UWEC’s Wide World of Sports

Popular Australian tuna-throwing sport popular because of tuna fishing industry

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Lauren Spierings

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UWEC’s Wide World of Sports

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Once a year, competitors from around the globe gather to compete in the Tunarama Festival World Championship of Tuna Toss in Port Lincoln, Australia.

Popular for its tuna fishing industry, Port Lincoln has hosted the tuna tossing championship since 1979, according to the Tunarama Festival website.

Originally, according to Atlas Obscura, tuna throwers throw a frozen solid tuna fish — a Southern Bluefin tuna — attached by a rope as far as possible. 

Today, a rubber 10-kilogram fake fish is used for most rounds. 

ABC News reported that, due to changes in when and how fishers catch tuna, it is becoming more difficult for the industry to find “mort fish” that are the correct size for the toss.

Mort fish is a term that indicates the fish were undersized and died of natural causes. Four mort fish are donated every year for the Tunarama Festival 

The sport found its origin due to the method of unloading fish from boats, according to Atlas Obscura. In fact, hopeful fishermen were often hired based on how far they could throw fish. 

Festival organizers wanted festival goers to partake in a competition that reflected their fishing industry, and they observed a few fishermen throwing fish. From there, the sport was born.

Throwers typically adopt a hammer throw method, spinning around and releasing the tuna just before crossing the line. In fact, a number of tuna toss winners in the past have been competitive hammer throwers.

John Penny, a Port Lincoln local training for the Olympic hammer throw, was the first man to hold the distance record, according to the Tunarama website.

Sean Carlin made the current record in 1998. An Olympic hammer thrower, Carlin tossed his tuna 37.23 meters, the equivalent of 122 feet. Since then, no one has managed to top his record.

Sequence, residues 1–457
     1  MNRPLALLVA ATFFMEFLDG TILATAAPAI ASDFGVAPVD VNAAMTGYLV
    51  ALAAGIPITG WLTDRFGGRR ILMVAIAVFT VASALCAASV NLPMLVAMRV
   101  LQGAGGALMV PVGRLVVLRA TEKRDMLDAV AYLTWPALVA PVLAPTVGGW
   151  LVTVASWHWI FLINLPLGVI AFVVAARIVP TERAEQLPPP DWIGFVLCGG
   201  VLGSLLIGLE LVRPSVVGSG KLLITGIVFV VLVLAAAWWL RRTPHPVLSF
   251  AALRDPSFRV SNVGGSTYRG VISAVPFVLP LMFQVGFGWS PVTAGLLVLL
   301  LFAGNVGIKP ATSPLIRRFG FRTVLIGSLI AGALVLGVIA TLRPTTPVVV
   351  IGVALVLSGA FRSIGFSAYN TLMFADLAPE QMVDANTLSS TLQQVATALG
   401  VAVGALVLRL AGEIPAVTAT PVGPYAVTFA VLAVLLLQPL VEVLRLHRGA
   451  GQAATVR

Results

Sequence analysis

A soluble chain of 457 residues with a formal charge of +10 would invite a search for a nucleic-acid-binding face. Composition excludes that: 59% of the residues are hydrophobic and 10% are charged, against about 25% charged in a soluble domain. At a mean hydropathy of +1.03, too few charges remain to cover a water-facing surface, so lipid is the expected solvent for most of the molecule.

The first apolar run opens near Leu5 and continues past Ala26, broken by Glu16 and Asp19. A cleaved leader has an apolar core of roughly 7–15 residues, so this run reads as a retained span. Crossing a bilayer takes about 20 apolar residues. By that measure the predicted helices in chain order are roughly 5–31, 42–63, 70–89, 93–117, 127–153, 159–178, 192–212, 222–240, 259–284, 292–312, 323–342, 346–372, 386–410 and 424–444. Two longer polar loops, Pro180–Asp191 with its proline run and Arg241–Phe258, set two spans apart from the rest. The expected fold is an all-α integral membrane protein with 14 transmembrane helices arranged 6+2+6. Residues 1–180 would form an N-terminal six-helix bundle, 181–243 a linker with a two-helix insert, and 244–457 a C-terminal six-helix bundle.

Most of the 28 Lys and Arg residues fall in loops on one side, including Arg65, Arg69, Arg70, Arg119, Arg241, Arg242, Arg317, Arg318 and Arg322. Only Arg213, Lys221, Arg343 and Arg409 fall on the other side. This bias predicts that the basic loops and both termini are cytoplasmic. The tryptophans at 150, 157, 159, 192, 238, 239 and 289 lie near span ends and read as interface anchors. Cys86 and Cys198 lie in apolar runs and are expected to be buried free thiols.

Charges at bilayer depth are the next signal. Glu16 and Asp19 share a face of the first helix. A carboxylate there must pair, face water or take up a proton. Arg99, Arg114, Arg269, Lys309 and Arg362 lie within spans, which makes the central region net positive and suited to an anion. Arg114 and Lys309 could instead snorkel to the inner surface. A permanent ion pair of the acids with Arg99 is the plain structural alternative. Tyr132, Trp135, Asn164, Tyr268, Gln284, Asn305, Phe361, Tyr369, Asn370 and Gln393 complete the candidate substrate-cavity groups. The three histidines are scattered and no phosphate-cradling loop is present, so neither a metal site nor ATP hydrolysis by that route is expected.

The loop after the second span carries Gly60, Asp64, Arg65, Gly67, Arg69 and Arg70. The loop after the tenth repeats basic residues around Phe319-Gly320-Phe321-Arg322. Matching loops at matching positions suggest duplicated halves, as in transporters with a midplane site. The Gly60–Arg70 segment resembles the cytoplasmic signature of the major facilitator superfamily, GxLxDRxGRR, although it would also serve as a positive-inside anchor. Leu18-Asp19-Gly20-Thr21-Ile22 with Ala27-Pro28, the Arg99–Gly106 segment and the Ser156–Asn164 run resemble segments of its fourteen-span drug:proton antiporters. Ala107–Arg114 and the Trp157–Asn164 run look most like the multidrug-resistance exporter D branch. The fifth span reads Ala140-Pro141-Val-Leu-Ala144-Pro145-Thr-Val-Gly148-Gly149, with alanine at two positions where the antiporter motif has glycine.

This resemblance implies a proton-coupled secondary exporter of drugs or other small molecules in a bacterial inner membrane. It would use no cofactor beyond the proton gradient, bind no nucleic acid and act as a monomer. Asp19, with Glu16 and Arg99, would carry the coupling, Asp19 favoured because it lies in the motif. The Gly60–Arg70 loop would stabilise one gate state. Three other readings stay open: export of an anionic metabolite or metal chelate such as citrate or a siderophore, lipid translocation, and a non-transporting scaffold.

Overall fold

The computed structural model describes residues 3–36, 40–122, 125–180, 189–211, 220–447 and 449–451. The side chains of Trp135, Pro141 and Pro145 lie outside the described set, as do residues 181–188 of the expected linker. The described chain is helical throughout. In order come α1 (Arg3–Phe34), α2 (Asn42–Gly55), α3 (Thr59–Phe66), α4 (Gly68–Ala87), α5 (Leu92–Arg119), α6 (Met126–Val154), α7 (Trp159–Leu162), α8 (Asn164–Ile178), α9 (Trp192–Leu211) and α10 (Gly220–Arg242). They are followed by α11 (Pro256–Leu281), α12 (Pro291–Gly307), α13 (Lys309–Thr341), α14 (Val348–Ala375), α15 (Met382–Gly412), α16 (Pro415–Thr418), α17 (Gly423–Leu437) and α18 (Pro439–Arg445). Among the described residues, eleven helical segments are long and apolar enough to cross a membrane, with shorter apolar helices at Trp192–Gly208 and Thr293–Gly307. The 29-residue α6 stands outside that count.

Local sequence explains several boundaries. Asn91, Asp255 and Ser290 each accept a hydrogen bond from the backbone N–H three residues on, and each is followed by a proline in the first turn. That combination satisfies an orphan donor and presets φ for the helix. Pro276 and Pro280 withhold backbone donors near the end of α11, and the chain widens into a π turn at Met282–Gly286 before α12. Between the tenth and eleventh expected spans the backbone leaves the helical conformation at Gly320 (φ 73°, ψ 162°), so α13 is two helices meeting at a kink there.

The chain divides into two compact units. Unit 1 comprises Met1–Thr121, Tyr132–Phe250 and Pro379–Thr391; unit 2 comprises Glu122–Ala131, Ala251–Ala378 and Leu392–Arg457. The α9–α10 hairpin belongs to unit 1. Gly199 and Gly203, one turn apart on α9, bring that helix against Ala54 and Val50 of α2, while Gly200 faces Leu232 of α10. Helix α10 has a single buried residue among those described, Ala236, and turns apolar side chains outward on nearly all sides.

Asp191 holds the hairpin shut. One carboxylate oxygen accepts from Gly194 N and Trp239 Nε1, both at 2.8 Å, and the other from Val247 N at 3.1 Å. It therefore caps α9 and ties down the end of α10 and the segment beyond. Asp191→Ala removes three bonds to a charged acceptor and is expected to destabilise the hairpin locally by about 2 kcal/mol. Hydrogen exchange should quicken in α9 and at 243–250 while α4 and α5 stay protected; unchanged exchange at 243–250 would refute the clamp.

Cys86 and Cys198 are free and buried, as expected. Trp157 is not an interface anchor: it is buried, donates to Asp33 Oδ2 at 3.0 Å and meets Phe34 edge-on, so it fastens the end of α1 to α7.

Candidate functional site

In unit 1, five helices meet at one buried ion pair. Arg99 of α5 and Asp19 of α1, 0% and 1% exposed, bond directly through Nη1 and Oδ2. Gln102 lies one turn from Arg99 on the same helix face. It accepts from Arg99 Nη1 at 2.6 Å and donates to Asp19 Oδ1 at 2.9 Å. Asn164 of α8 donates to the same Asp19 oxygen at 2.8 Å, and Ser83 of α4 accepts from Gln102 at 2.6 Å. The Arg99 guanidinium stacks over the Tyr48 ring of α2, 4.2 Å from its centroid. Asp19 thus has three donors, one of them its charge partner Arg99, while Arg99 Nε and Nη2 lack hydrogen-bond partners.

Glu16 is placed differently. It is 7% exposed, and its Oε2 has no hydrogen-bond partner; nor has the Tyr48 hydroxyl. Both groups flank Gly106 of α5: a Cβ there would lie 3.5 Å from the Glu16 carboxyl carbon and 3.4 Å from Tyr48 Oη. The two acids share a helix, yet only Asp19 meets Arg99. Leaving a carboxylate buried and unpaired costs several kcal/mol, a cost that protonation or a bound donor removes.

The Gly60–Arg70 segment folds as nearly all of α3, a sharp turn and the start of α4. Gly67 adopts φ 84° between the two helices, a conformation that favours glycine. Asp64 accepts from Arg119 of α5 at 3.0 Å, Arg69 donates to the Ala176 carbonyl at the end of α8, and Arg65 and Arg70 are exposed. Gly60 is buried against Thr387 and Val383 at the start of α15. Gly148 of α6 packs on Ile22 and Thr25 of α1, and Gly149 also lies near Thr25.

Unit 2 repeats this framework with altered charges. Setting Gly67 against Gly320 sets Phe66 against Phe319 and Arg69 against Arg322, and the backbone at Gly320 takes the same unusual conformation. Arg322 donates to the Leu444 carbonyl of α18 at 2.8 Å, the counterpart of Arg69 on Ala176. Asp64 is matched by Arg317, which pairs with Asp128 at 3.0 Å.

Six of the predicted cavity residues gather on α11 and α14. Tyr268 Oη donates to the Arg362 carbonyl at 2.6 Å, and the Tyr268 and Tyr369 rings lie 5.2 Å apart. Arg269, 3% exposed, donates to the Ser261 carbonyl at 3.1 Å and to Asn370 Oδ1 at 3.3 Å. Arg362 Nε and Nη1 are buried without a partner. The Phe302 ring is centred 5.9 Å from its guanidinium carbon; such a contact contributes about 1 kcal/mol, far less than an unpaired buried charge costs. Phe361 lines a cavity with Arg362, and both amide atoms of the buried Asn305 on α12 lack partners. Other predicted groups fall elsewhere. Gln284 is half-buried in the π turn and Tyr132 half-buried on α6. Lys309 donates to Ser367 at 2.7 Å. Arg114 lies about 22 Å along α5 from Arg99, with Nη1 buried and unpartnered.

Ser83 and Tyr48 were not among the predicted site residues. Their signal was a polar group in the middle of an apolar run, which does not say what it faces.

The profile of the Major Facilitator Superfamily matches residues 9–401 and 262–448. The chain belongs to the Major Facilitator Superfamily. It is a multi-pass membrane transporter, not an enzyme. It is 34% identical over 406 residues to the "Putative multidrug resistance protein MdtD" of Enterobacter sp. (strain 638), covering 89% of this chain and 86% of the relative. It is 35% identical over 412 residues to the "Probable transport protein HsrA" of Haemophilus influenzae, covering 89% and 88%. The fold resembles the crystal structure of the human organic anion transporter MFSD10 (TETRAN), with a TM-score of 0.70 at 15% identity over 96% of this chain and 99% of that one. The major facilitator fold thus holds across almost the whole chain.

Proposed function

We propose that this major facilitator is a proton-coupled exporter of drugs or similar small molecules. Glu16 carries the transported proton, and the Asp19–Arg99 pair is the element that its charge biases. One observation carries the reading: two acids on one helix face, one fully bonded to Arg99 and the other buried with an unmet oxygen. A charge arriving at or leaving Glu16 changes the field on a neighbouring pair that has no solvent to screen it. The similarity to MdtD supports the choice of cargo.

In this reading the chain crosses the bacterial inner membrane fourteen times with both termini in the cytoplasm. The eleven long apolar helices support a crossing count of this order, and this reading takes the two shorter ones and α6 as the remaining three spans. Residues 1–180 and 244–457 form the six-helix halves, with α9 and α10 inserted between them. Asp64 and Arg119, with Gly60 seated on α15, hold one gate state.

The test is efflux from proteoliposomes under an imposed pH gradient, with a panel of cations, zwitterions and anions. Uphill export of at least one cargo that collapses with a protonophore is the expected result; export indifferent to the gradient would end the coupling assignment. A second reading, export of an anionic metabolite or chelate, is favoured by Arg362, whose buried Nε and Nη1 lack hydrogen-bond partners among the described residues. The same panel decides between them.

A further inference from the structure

To top it off, Carlin also holds the Australian hammer throw record.

Timothy Heyes, the 2019 men’s tuna toss winner, said in an interview with ABC News that hammer throwing’s technique seemed suited to tuna tossing, but that they are quite different.

“It’s heavier and shorter than what I’m used to,” Heyes said. “The weighting is also really different. A hammer has all the weight on the bottom, but the tuna has its weight distributed.”

Matt Staunton, a multiple-time winner of the men’s tuna toss, said that he has seen people try to spin the tuna around their heads before, along with other blunders.

A spectator sued the festival in 1989 due to a 17-pound tuna hitting them in the head from a thrower. That spectator ended up in the hospital.

For children under the age of 10, there is a prawn toss for them to participate in — or as Muscle & Fitness put it, to train future tuna tossers early.

The next Tunarama Festival will be on Jan. 24-27 in Port Lincoln, Australia. More information can be found at tunarama.net.

Spierings can be reached at [email protected]

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